Ikon, 1 Oozells Square, Brindleyplace, Birmingham B1 2HS

Krištof Kintera: THE END OF FUN!


17 September - 22 November 2020

Review by Ruth Millington

‘THE END OF FUN!’ is the pertinent title of Krištof Kintera’s (b. 1973) timely solo show at Ikon. The Czech artist is internationally acclaimed for his mechanical sculptures, made from electronic waste, which critique hyper-capitalist systems, especially with respect to ecological concerns.

Even before entering, I spot crowd-control barriers, with antlers made from steel, invading the space at the front of Ikon. Kintera’s ‘Paradise Now’ sculptures (2009) invoke an increasingly regulated world of rules and one-way systems, just like the one I must now follow inside.

The show begins with Kintera’s immersive installation, ‘Postnaturalia Laboratory’ (2016–17). Table tops are overcrowded with tools and materials: cans of spray paint, copper, old electronic items. Recycled plastic pots hold flowers formed from wire and foam. It’s a clever play on the artist’s studio, from the future. It also hints at what’s to come.

Around the corner, and amassed across the floor, are dozens of dismantled circuit boards, covered in mounds of cables; entangled wires sprout into stalks resembling trees, evoking ecological systems. ‘Postnaturalia’ (2016–17) is a post-apocalyptic landscape which clearly calls into question an age founded on technology. It’s an obvious metaphor, but the stunning craftsmanship of this chaos is captivating.

The space would be silent if it weren’t for a group of leafless, upside down ‘Nervous Trees’ (2013–17). Motors cause these unnatural growths to shake and spin across the gallery. I feel equally jumpy and inquisitive to explore more of this uncanny universe.

Proceeding up a staircase, I’m welcomed by an animatronic raven, dressed in leather, perched upon the roof’s inner rafters. It speaks corporate slogans: “Just Do It”. A couple close by laugh, nervously, as if not quite in on the joke. Comedy and horror are never far away from other another in Kintera’s dark fairy-tale realm: he’s drawing on our anxieties of waking up to a world too far advanced, in which we have lost control.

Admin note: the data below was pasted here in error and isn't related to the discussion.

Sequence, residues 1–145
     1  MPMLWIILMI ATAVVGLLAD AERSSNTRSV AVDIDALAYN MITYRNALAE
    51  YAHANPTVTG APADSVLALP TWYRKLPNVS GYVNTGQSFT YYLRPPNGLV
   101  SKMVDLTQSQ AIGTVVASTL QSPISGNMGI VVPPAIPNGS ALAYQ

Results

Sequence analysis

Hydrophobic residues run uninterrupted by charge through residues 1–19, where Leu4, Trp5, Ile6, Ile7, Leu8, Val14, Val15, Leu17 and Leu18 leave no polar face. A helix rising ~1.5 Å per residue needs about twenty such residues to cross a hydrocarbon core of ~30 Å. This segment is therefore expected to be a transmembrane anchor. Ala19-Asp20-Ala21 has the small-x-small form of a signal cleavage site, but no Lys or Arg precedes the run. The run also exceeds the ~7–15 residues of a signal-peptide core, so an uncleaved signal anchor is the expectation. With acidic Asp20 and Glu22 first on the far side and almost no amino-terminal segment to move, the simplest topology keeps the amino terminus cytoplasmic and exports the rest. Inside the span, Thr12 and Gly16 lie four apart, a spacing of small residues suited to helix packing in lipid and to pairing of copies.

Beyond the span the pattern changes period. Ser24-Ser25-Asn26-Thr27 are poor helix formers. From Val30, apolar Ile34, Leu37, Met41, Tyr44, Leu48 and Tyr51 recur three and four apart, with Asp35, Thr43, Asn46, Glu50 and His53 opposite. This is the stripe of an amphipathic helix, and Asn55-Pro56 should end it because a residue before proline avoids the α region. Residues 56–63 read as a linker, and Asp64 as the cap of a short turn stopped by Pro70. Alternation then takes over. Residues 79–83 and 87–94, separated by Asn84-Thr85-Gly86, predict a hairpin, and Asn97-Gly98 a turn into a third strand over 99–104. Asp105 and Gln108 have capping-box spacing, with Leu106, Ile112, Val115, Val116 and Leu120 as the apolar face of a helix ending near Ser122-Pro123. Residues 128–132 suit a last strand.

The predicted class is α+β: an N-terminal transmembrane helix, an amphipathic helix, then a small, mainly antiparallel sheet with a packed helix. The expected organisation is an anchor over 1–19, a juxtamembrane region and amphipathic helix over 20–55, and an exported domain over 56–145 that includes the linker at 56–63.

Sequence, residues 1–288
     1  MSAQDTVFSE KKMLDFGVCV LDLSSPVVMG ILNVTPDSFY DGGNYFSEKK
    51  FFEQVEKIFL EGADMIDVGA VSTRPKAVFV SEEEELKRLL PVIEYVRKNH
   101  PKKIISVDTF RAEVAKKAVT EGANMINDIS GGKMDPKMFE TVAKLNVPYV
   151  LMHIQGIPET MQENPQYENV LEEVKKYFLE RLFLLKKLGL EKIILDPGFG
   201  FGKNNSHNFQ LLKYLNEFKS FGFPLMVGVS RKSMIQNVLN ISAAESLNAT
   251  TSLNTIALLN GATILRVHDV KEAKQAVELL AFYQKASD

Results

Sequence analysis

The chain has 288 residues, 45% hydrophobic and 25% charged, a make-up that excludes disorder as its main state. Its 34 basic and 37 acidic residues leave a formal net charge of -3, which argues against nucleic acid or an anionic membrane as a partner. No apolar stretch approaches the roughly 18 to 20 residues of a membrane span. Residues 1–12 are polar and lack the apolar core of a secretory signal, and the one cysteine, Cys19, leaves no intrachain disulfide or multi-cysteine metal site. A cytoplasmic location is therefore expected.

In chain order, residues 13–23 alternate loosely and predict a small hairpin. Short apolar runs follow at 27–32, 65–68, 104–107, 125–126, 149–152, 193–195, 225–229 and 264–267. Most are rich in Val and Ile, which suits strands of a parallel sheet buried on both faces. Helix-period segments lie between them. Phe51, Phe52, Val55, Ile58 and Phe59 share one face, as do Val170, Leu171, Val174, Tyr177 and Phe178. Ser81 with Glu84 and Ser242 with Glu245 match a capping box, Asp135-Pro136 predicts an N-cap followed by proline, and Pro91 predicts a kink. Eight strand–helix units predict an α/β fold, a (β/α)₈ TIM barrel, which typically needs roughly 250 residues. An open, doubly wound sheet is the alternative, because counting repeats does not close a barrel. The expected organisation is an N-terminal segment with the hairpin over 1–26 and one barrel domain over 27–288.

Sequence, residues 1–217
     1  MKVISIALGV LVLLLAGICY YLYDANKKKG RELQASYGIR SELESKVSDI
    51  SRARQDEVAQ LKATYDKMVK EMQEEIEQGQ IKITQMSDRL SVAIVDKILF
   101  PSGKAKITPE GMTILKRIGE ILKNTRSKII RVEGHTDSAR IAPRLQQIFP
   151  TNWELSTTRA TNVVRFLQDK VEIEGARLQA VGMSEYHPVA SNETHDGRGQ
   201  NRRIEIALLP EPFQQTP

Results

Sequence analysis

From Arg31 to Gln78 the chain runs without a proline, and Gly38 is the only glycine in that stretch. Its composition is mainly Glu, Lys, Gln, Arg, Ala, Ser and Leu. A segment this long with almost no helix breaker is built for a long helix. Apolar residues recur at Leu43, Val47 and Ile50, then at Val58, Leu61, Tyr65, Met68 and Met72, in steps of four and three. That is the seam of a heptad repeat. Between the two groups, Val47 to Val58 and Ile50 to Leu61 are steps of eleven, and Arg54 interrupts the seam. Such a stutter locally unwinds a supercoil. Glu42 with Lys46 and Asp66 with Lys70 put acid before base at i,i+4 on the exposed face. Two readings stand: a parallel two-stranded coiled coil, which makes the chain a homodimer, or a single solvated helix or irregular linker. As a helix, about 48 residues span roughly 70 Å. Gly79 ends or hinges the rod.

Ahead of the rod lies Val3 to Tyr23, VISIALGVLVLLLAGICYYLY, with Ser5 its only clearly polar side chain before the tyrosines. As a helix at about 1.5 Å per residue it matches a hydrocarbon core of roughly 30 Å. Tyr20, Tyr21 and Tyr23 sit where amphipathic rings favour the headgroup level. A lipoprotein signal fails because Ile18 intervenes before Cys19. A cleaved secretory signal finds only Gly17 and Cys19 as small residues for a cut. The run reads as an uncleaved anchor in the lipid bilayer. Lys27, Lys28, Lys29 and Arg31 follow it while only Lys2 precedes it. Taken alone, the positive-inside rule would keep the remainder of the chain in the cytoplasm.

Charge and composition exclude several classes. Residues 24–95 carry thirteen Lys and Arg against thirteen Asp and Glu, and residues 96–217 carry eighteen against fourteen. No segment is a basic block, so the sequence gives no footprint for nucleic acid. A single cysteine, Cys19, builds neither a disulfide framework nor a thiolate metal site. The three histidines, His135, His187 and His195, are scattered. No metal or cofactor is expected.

Another automata, of a hooded child beating his head against the wall, adds to the creepy atmosphere. This sense of frustration grows in a room filled with ‘Drawings’ (2007–20), many of which Kintera made during lockdown. The artist has scrawled his observations on pressing issues, including climate change and loneliness. Echoing protest placards, these slogans are lit up intermittently by an installation of changing lights: “Am I alone?” catches my eye.

There’s a self-aware dichotomy at play here; Kintera shares a critical outlook on human progress, whilst recognising his own culpability. In the video ‘Hand Tools of Brain’ (2012–17) the artist uncovers his close relationship to technology, revealing how he carefully wired the talking raven. He explains: “I am aware of our responsibility for drastic changes of climate, extinctions of species and all kinds of living organisms, and therefore we’ll face sooner or later fatal problems. It is our shame, it is my shame.”

As I exit, I hear a passer-by comment on the exhibition, reading the promotional poster’s title ‘THE END OF FUN!’: “looks bleak”. But it isn’t. Kintera’s caustic wit has created a comedy-horror hit in which mask-wearing visitors only add to the dystopia. I felt like I’d stepped into an interactive episode of ‘Black Mirror’, finding fun in this exhibition which is brilliantly captivating and lightly terrifying.

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